From N., 5 December 2011, ham – a primer?
Q: This feels pedestrian after all the fancy jamon talk, but having grown up Jewish and not being exposed to ham, I’m at a loss when it comes to hams. I’m also thinking of cooking one this Christmas, since I have found a great local pork supplier (http://www.broekporkacres.com/) which has taught me that I actually do like ham, much to my surprise. I just don’t like store-bought ham.
In preparation for my order (discount if pre-ordered!), can you explain the difference between sweetheart, dry-cured, boneless old-fashioned hams and bone-in hams? The sweetheart ones are apparently smaller, but is there anything else? I’m assuming I want bone-in, to use the bone, but I thought I’d ask whether there’s anything I need to know or think about when buying a ham.
A: Thanks for your question. There is no such thing as a pedestrian discussion of ham.
I know what you mean about the store-bought ham. I’m going to avoid providing too many details here so I don’t alienate the person in question, but a certain someone I know once made a big production of hosting a Christmas Eve dinner, billed to guests as the traditional Italian Feast of the Seven Fishes, that actually consisted of a rotini pasta salad, a bowl of green peppers in bottled Italian dressing, and a deli tray of thickly-sliced supermarket ham and cheese. The other guests were visibly angered by the fraudulent offering and no one, not even my husband, went back for seconds. The quivering pink ham, sugar-sweet and waterlogged from its brine, was supposed to be the star of the show but it mostly just bummed us all out.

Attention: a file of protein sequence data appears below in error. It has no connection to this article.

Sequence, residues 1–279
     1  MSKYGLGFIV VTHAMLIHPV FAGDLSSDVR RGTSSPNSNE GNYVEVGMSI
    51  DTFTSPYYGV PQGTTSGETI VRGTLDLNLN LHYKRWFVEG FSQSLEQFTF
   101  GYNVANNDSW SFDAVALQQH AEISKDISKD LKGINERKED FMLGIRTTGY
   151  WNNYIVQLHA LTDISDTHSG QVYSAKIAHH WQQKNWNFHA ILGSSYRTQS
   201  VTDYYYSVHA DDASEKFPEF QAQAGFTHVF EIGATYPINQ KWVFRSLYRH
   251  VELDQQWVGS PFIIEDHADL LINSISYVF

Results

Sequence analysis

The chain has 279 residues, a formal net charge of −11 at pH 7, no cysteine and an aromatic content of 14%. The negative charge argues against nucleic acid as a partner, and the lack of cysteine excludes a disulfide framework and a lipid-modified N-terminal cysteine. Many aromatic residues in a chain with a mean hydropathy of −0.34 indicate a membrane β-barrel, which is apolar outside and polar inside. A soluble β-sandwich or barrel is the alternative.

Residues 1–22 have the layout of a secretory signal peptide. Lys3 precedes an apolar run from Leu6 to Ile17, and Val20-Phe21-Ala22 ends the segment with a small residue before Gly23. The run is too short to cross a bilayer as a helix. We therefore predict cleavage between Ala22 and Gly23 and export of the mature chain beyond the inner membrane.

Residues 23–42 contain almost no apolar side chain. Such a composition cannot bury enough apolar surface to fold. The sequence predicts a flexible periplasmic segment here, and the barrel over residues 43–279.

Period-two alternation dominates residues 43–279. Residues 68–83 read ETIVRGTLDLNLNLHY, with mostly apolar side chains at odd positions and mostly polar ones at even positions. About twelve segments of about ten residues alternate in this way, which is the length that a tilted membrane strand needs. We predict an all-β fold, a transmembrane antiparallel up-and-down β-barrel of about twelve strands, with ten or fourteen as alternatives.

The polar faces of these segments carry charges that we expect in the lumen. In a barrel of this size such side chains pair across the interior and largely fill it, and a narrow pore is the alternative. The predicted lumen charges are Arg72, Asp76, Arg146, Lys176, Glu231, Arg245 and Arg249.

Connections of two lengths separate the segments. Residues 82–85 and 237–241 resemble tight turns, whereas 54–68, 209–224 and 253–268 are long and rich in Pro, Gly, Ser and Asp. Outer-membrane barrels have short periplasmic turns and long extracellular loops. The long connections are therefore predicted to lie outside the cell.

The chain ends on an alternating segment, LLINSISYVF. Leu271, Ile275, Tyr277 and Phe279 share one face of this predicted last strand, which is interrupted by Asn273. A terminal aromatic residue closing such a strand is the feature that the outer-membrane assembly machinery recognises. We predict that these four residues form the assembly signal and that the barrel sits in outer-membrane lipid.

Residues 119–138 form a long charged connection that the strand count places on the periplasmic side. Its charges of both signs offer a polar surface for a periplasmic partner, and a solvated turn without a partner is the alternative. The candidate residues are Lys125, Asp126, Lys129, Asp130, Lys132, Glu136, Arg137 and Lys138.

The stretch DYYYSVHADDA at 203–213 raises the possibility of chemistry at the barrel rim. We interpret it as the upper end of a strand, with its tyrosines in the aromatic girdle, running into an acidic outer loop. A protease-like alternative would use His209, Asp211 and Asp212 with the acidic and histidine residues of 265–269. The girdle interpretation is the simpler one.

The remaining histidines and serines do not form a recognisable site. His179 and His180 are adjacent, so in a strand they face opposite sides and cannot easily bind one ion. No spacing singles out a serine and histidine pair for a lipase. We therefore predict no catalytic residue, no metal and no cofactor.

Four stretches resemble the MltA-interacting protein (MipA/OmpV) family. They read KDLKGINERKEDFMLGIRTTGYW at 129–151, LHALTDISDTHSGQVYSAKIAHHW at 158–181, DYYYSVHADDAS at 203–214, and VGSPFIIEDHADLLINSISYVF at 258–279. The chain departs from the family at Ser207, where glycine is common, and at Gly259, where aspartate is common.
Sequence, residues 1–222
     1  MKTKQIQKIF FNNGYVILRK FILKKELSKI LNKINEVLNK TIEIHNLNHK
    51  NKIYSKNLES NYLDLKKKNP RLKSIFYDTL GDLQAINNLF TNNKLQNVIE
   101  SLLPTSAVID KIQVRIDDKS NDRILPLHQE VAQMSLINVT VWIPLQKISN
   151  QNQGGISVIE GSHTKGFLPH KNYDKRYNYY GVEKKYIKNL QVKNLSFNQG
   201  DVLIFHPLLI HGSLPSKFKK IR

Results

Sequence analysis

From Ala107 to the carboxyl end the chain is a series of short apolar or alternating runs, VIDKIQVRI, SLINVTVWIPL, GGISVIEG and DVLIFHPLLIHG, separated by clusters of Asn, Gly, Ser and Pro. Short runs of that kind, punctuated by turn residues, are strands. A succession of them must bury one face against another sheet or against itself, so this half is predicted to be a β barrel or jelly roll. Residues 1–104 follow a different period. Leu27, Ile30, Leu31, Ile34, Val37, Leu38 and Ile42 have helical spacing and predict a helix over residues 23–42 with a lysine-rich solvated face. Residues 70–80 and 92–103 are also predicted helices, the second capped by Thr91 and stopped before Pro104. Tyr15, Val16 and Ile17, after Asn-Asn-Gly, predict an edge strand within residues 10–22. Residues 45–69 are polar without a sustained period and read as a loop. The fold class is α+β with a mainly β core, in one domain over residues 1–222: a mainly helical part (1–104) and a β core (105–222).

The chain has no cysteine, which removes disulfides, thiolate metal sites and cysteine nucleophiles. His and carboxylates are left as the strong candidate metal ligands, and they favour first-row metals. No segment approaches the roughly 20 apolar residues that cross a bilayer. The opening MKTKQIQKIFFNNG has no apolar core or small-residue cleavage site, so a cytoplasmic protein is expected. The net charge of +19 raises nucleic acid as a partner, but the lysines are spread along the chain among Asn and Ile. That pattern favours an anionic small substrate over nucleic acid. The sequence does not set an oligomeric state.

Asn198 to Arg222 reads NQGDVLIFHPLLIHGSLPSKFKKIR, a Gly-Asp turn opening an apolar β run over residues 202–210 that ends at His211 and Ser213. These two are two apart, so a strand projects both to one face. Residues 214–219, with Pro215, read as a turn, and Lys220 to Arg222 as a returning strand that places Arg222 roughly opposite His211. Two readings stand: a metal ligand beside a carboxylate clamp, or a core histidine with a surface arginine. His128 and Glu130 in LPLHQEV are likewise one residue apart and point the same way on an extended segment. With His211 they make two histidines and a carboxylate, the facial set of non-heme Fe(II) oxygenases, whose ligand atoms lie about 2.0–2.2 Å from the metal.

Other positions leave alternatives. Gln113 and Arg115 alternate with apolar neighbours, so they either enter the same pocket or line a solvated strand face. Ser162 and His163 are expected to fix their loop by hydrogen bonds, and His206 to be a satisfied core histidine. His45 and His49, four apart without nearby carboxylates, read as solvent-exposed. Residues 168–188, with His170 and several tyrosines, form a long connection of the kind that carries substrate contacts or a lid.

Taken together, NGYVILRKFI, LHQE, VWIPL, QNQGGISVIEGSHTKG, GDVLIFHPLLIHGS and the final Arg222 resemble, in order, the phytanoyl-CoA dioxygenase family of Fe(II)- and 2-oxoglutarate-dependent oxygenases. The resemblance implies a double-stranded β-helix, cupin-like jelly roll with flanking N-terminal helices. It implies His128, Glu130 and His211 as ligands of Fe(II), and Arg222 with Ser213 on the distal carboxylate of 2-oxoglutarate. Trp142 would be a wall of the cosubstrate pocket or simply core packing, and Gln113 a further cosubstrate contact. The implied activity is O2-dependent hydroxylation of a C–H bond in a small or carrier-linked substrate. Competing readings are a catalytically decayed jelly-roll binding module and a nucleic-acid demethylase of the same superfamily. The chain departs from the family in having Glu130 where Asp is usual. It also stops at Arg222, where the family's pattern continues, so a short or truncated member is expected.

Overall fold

In its most basic form, the ham is just the ass end of the pig, including the leg down to the shank. In common usage, “ham” refers to the cured product, and “fresh ham” to the cooked, uncured meat. Dry cured ham is rubbed in a dry brine of salt (and sometimes sugar and spices like juniper) for a couple of weeks to a couple of months, after which the cure is washed off and the hams hung to dry in a cool environment for months and sometimes over a year. Sometimes the hams are smoked. If eaten raw, they should be shaved into paper-thin shards or sheets, thin enough to see through. If cooked, they need to be soaked – both to rehydrate them somewhat and to remove some of the salt – before pan-frying in thin slices. They’re still pretty salty. Dry hams include prosciutto, Black Forest ham, American country hams, Spanish jamón or Portuguese presunto, and Chinese jinhua ham, among others.
Supermarket hams and other moist hams requiring refrigeration are wet-cured hams, soaked in a salt and sugar brine before smoking (or not). Lower quality hams are formed from smaller pieces of meat or even coarsely ground meat, rather than a single integral ham cut; in many cases, they also are injected with brine to speed up production. In the United States, hams not made from a single piece of meat must be described as such (such as sectioned and formed, or chunked and formed); I don’t know if that’s the case in Canada. Regardless, what you want is a ham made from a single cut of meat, and the best way is to get the bone-in ham. Not only is it a good sign of an intact ham, but the bone helps keep the ham moist as it cooks (although it will take longer to cook) and contributes flavor. It also makes a hell of a bean soup.
If you’re looking to prepare a traditional baked ham for the holidays, you probably don’t want a dry cured ham. As delicious as they are, dry cured hams are very salty, even if soaked in several changes of water for days before roasting. They must be served in thin slices, usually with a bland accompaniment like biscuits or grits. Wet-cured hams, even though brined in salt solution, aren’t particularly salty tasting, and are delicious when roasted with a sweet glaze.
The sweetheart ham is a cut from the shank end of the leg; it’s a boneless single cut of meat. I haven’t used it before but from what I understand, it’s usually about three pounds or so. If you trust your meat supplier, it’s probably a nice way to go if you want something easy to prepare and slice, and small enough that you won’t be eating ham for the next two weeks.
Good luck with your ham selection and let me know what you choose, and how you prepare it!